Paper 1 was submitted to journal A. The paper dealt with monitoring of a chemical element in various occupations in a range of workplaces. Samples were taken from the workplace air and bodily fluids of the workers, and conclusions were drawn about what metabolite should be measured in order to estimate a worker’s dose of the element. The chosen reviewers were experts in relevant biological monitoring.
The paper was accepted, subject to revision. The authors submitted a revised version. In going through the revised paper, the editor noticed problems with the methods of air monitoring which seriously affected the validity of the interpretation and which had not been picked up by the reviewers. The samplers used were inappropriate for the target size fraction, and some had been used at the wrong flow rate. Correspondence with the main author produced contradictory replies, and when the author was pressed it emerged that the air monitoring had been subcontracted to another laboratory which did not appear in the author list.
This gave the editor severe doubts about the paper but while he was considering whether changes to the discussion could cover the point and restore the validity of the paper, journal B published paper 2. This was by the same authors listed in a different order, and dealt with the biological and air monitoring of a closely related chemical element. From the number of samples and number and descriptions of the workplaces, it was clear that the two papers dealt with the same samples which had been analysed for the two elements and their metabolites. The conclusions drawn in paper 2 about the appropriate metabolite to measure were closely related to those drawn in paper 1, as would be expected from the chemistry. Neither paper cited the other, although the findings seemed to reinforce one another.
Journal A’s instructions tell authors that they must declare closely related submissions which are in process elsewhere, on the grounds that reviewers need to assess the papers’ implications for one another. The editor of journal A rejected paper 1 on the grounds that this requirement had not been met, and rebuked the corresponding author for the apparent deliberate attempt to deceive.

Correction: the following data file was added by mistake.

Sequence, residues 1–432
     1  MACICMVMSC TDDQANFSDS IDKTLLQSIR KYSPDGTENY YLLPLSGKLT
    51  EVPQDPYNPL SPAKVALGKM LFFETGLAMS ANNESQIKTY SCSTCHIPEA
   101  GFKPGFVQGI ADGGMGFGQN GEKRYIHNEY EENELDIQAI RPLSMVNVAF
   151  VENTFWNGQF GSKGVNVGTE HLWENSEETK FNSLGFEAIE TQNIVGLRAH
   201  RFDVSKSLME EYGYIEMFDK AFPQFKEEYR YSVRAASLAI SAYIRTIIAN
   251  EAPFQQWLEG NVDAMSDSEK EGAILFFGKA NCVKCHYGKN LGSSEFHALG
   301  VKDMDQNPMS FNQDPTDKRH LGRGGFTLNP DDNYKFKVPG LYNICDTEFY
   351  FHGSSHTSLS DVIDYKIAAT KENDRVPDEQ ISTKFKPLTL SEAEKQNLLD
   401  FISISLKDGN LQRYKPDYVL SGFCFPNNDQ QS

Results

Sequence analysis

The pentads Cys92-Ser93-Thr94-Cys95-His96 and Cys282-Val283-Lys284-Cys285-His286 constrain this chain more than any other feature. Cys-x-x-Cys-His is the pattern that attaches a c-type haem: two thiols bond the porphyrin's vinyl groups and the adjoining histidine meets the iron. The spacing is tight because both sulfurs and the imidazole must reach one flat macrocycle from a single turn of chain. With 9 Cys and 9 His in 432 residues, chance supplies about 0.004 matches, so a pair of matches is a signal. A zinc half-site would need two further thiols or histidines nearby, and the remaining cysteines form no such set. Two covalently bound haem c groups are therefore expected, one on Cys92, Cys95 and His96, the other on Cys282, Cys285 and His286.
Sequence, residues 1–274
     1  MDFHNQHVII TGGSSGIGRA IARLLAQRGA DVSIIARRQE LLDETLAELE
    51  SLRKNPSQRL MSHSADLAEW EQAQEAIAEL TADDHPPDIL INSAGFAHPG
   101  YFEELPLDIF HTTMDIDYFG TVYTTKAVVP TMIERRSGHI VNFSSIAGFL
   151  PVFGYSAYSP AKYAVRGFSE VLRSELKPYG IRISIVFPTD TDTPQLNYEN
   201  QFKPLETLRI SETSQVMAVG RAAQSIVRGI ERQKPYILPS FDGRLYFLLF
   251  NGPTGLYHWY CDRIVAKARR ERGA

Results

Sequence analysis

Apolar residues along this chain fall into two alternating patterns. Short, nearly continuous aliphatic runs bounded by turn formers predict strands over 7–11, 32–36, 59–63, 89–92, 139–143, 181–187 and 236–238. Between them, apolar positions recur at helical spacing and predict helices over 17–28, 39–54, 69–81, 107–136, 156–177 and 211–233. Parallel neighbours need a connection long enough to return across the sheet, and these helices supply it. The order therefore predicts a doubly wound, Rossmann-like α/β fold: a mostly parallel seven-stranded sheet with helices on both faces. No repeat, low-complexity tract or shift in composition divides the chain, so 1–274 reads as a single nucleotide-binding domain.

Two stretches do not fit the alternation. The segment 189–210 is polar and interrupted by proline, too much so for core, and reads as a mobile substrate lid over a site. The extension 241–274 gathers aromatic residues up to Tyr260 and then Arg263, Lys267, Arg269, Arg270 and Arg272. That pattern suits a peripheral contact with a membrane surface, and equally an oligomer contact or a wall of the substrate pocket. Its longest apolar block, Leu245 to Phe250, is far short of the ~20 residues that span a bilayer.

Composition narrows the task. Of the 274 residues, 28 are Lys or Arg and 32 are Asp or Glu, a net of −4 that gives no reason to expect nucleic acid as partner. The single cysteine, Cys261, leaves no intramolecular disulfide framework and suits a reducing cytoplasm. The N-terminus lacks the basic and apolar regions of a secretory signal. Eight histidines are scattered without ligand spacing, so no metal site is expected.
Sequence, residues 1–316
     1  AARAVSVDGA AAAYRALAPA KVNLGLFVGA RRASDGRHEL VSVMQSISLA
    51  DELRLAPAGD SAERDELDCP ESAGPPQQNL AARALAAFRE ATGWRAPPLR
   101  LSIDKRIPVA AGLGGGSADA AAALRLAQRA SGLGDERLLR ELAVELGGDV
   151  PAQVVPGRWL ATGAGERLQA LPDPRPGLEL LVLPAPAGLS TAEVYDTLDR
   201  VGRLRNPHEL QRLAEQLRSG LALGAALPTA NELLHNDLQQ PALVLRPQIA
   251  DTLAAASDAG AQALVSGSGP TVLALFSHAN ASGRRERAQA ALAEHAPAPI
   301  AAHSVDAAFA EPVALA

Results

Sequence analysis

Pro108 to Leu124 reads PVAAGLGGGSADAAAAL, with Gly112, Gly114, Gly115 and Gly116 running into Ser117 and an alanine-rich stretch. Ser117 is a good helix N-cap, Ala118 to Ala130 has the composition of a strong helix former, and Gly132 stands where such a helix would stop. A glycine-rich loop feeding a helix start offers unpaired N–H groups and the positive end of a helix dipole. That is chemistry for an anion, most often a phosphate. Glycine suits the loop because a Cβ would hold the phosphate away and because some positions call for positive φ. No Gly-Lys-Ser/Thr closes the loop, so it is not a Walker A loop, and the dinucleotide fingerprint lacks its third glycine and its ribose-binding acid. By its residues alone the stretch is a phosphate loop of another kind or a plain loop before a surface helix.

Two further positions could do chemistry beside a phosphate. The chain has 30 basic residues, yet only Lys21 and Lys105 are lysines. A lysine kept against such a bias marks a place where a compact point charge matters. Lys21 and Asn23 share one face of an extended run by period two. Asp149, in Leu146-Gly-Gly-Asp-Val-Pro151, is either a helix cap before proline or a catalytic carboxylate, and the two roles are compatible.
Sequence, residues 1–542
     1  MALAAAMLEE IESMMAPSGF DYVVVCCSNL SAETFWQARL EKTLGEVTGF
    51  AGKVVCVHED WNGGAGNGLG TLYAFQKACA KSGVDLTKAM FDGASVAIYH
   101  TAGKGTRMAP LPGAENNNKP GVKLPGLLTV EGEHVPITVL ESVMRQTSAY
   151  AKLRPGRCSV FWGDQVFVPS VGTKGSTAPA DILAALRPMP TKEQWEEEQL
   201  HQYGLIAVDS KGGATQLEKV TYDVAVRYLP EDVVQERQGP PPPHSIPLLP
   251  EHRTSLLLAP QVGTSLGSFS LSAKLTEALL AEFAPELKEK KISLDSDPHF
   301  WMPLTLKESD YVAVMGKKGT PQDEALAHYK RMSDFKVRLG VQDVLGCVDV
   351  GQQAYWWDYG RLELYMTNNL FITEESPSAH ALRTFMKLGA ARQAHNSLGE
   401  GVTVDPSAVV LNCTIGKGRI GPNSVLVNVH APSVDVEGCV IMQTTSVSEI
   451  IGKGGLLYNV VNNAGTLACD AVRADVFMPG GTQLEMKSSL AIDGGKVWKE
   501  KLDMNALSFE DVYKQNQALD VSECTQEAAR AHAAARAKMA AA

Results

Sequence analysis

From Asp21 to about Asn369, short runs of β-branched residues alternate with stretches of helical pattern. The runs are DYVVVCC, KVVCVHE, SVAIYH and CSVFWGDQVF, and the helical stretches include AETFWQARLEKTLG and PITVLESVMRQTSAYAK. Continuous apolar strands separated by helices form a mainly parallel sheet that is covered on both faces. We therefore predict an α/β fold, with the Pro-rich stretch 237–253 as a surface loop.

Within five months paper 1 was published in apparently rewritten form by journal C.
(1) This is not a case of duplicate publication but an attempt to deceive editors with a potential effect on the scientific validity of the papers.
(2) The authors subcontracted the air monitoring, and did not understand enough about it to be able to guarantee the validity of the methods.
This took place before journal A had fully implemented the COPE guidance, but for future reference, the editor of journal A would be interested in COPE’s view as to whether rejecting the paper was enough, and any other comments on the two issues. Should editor A have told Editors B and C what had happened? (Journals A and B are signed up to COPE; journal C is not.)
The discussion centred around the fact that the authors tried to deceive both editors (journal A and journal B). The instructions to authors of journal A provided clear grounds for rejecting the paper. It was also discussed whether in fact the two papers should really have been combined into one paper. The advice given was for the editor to write to the editor of journal B who published paper 2, stating that paper 1 was closely related to paper 2 but had not been cited. Also, the editor should write to the editor of journal C, informing him of the situation and asking whether the author had cited paper 2 in the published paper in journal C.
We had already taken action on this case and case 06-10 but for future cases which might arise we were interested to know COPE’s view. The Editorial Board discussed the COPE views but decided that as the two matters were now largely history it was not worth taking further action. Since then, however, we have had a further case of partial dual submission, and the COPE discussion on 06-09 has helped me with what line to take.
However, I have to report that our Editorial Board were surprised that COPE felt that we had been mistaken to say that we would not consider further papers from the plagiarising authors for a specified period (case 06-10). The academics on the Board are involved in university policies on plagiarising students and thought that COPE was taking a fairly lenient view in just reporting the erring authors to their institutions without taking action ourselves, which we felt appropriate to defend the journal.